Differences of Michelangelo's Pieta and the Rottgen Pieta
I am creating a kiosk, which will run a slide show of famous works of sculpture. Two of the works that I am wishing to include in the display are Pietà¡s. However I am needing assistance in comparing Michelangelo's Pieta, to the German Pieta, commonly known as the Rottgen Pietta. Provide background on the pieces thus they will answer the following questions.
1 - What is the artist trying to convey in each of these two very different interpretations? For instance, I am wishing to compare and contrast the approaches used by each of these two artists, the symbolism, the materials used, the pose, and the facial expressions.
2 - What bearing did the different centuries have upon the two very different approaches? 3 - The German Pieta is from the Late Gothic period. Michelangelo was an Italian Renaissance artist. How do differing regional influences and differing time periods affect the artworks produced?
From the information that I have gathered - the Michelangelo's Pieta is a marble carved statue that currently rests in the Basilica of St. Peters in Rome. Due the time period it was made to depict figures or a feeling that was true to life. The features of both Mary and Jesus are delicate and the wounds have minimal or subtle detail. Thus, it would appear that Michelangelo is wishing to draw attention from the wounds and to that of the feelings of Mary within the piece. Thus, this was a piece that depicted the apparent despair of Mary - her being one of a young woman at peace but also in despair thus it was a truly masterful artistic design of the sculpture. As the body of Christ had great detail which relayed muscles, veins, ribs, nerves and other humanistic aspects yet it also allowed one to still view it as the form that it was - and that was the body of a corpse. The utilization marble assisted Michelangelo to depict such detail within this statue. He signed this piece which from what I read he had trouble with - as during this time they were cratsman and not true artists - thus they did not sign their name to take credit so to speak for pieces. However, he signed this piece which provided him guilt originally and caused him great struggle due to his religious faith.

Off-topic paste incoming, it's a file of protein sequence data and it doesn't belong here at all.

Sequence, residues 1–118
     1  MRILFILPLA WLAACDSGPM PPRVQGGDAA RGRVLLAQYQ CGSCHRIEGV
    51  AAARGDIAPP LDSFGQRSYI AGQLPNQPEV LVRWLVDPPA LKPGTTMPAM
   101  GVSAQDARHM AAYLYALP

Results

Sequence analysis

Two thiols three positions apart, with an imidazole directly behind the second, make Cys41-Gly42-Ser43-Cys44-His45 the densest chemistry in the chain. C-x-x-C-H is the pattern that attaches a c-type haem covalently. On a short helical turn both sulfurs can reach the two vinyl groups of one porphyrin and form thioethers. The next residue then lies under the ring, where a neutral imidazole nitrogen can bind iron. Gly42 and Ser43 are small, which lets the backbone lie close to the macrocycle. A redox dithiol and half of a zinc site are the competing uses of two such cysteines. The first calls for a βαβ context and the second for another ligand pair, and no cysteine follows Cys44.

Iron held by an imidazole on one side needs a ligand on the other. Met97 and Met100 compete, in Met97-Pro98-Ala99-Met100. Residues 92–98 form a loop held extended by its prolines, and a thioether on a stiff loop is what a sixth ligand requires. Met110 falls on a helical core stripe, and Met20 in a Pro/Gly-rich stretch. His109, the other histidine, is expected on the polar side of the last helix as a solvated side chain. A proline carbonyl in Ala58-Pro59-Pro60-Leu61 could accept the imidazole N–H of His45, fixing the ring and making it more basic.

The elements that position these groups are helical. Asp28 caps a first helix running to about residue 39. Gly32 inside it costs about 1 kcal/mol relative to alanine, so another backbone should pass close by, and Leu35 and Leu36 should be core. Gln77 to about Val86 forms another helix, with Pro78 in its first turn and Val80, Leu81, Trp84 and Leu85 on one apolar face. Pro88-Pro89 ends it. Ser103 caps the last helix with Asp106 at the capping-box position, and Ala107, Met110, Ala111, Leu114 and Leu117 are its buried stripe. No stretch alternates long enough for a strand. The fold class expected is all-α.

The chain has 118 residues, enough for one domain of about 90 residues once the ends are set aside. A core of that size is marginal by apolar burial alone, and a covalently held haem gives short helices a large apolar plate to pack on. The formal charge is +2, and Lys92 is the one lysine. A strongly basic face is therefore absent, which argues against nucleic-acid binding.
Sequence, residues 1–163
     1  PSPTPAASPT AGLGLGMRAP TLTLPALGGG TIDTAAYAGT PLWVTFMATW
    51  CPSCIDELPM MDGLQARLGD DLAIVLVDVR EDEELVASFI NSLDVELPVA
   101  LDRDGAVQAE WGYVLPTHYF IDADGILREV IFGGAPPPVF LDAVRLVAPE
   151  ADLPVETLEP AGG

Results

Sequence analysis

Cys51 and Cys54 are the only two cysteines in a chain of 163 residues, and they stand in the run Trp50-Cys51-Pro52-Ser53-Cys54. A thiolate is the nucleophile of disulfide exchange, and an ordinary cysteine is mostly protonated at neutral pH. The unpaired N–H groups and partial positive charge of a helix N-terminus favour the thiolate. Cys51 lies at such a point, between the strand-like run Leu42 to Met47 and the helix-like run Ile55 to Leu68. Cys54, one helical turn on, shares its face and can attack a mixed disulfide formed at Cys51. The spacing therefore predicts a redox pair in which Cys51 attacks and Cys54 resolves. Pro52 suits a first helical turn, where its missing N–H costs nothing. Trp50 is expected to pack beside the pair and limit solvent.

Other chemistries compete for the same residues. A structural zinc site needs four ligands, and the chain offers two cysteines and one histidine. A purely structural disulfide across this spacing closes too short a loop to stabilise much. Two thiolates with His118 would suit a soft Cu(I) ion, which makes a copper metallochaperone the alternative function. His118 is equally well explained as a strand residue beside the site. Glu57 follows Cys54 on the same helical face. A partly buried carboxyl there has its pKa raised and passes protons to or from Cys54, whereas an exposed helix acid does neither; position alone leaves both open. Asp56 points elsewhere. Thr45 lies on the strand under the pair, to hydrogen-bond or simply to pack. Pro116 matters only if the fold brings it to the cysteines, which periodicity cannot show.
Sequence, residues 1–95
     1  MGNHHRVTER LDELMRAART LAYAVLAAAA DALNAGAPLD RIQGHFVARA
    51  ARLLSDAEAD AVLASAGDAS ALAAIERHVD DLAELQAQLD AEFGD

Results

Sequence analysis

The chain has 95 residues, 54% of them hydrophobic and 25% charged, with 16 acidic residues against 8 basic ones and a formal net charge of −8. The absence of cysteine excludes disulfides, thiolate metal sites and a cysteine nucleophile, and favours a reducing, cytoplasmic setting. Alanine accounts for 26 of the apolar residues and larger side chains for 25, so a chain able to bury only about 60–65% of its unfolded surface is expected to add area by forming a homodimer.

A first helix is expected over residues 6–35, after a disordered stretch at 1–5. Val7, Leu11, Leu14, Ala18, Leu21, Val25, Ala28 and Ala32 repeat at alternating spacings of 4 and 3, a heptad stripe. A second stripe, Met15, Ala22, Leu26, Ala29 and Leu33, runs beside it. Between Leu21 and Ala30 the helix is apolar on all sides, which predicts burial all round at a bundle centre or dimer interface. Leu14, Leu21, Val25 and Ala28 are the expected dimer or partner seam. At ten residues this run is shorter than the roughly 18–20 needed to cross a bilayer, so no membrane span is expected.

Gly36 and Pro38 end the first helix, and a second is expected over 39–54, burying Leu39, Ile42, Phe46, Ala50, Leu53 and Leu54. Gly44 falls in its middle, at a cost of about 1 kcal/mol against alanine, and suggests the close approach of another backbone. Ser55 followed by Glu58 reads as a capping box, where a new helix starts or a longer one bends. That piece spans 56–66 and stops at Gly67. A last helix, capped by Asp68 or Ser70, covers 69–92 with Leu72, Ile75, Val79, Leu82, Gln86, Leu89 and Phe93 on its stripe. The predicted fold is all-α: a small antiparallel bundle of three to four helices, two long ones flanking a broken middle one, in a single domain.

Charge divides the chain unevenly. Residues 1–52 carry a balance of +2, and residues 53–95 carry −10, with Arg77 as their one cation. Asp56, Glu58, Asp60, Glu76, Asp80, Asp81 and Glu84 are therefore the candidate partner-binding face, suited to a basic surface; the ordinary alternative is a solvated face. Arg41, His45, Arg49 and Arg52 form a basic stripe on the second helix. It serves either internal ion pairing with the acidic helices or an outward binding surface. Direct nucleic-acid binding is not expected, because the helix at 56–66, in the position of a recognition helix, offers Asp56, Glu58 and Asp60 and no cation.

However, the German or Rottgen Pieta which was done by an unknown artist is made of wood which was harder to instill such detail. This peace however seems to focus less on the spiritualist feelings of Mary at peace or love of Jesus but at the sorrow of the occasion. This is apparent with the oversized features or body parts such as the heads to draw attention to their facial expression and sorrow throughout the piece.